The trigger system of the LHCb detector has several levels. The level 0 and level 1 triggers are implemented
in hardware and investigate only a small part of the data collected by the LHCb Detector.
After these first two trigger levels, the whole detector is read out by the
Data Acquisition System and the data needs to be passed through the read-out network to the
LHCb Event Filter Farm, where the additional trigger levels 2 and 3 are performed
in software. These trigger levels include the entire data collected by the detector in
their evaluation of an event.
Figure 1 - The LHCb DAQ system architecture
More specifically, after event-fragments have been collected by the Read-out Units (RU),
they are passed through the Read-out Network (RN) in such a way that all data belonging
to one particular event reaches one specific Sub-Farm Controller (SFC).
There will be ~ 25-30 sub-farms, each containing a Sub-Farm Controller (SFC)
and ~ 10-20 PCs or "nodes". Any data traffic from or to the nodes has to go through
and is controlled by the SFC of the sub-farm.
A SFC therefore receives multiple segments of data belonging to the same event. It assembles
them and reorders them forming an event data-structure, which now contains all the data collected
about the actual event. This process is called "Event-building".
After a SFC has built a new event it will pass it on to exactly one of its nodes. The node receiving
a new event will perform the level 2 and 3 trigger algorithms and, if the event is accepted,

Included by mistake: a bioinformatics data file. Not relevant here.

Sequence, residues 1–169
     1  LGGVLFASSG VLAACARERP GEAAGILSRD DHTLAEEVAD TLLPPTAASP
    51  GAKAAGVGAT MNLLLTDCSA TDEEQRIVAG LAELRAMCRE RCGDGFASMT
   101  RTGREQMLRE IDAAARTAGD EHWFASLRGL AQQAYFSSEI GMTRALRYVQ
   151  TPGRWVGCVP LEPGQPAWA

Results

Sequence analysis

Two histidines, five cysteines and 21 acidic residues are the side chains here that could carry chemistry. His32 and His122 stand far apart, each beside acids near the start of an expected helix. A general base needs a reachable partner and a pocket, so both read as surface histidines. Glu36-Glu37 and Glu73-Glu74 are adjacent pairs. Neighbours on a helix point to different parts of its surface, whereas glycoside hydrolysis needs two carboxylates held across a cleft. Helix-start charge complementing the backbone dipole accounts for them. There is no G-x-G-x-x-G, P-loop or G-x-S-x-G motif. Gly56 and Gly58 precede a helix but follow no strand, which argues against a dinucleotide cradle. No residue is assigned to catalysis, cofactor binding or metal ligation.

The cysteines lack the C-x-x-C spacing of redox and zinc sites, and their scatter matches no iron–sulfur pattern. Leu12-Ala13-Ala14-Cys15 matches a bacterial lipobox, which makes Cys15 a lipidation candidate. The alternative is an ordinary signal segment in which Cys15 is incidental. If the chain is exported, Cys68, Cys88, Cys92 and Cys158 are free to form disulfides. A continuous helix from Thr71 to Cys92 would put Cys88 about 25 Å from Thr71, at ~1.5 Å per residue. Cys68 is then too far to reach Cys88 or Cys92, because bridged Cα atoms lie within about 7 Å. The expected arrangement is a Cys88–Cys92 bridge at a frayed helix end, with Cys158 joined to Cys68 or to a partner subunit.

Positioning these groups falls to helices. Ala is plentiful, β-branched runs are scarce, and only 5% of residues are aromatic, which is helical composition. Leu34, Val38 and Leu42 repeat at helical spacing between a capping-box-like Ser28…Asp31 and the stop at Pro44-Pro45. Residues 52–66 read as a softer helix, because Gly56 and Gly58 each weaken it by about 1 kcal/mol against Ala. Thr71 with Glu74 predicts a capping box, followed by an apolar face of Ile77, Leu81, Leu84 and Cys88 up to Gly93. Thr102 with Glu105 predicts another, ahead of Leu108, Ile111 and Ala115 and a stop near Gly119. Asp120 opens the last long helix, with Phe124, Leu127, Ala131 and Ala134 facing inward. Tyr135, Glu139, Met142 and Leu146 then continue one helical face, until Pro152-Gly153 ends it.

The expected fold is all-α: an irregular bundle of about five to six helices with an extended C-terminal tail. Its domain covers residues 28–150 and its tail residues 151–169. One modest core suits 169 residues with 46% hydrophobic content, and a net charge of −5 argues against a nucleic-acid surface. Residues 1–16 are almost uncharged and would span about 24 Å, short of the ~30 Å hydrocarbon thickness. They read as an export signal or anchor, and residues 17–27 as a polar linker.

it will write back the processed event data to permanent storage.
As usual, this data traffic goes through the SFC as well.
Figure 2 - Sub-farm architecture
Figure 2 shows the architecture of the sub-farms. The SFC is connected to a switch, which links it
to its nodes. The link between the SFC and the switch is a Gigabit Ethernet connection
(unidirectional nominal throughput: 1000 Mbit/s). The links between the switch and each of the
sub-farms are fast Ethernet connection (nominal throughput per link: 100 Mbit/s).
Each SFC should support the forwarding of events at ~ 80 Mbyte/s (640 Mbit/s).
Notice that this implies an incoming data traffic of 80 Mbyte/s and an outgoing
traffic of 80 Mbyte/s at the same time.
It is necessary to analyze the performance of Gigabit Ethernet Network Interface Cards,
in the way they will be used in the sub-farms of the LHCb Data Acquisition system.
This involves studying the impact of PCI bus-systems, tuning parameters like IRQ coalescence
and frame length as well as evaluating the performance difference between TCP and UDP.
The aim is to investigate the experimentally achievable throughput of Gigabit Ethernet Links
in order to have a reference value for the load-balancing experiments that follow.
In the LHCb DAQ sub-farms, the sub-farm controllers will receive events that have to be
passed on to their nodes for processing. A node will then analyze the event using the
level 2 and 3 trigger algorithms. This processing takes time, and the SFC therefore
has to distribute the events more or less evenly between its nodes in such a way that
the nodes have time to process their event(s) without falling behind too much.
This process of distributing the computational load between several PCs is called
Different possible load-balancing algorithms such as "round-robin" and
an algorithm using control tokens are available. Their advantages and disadvantages
need to be compared and different implementation possibilities have to be investigated.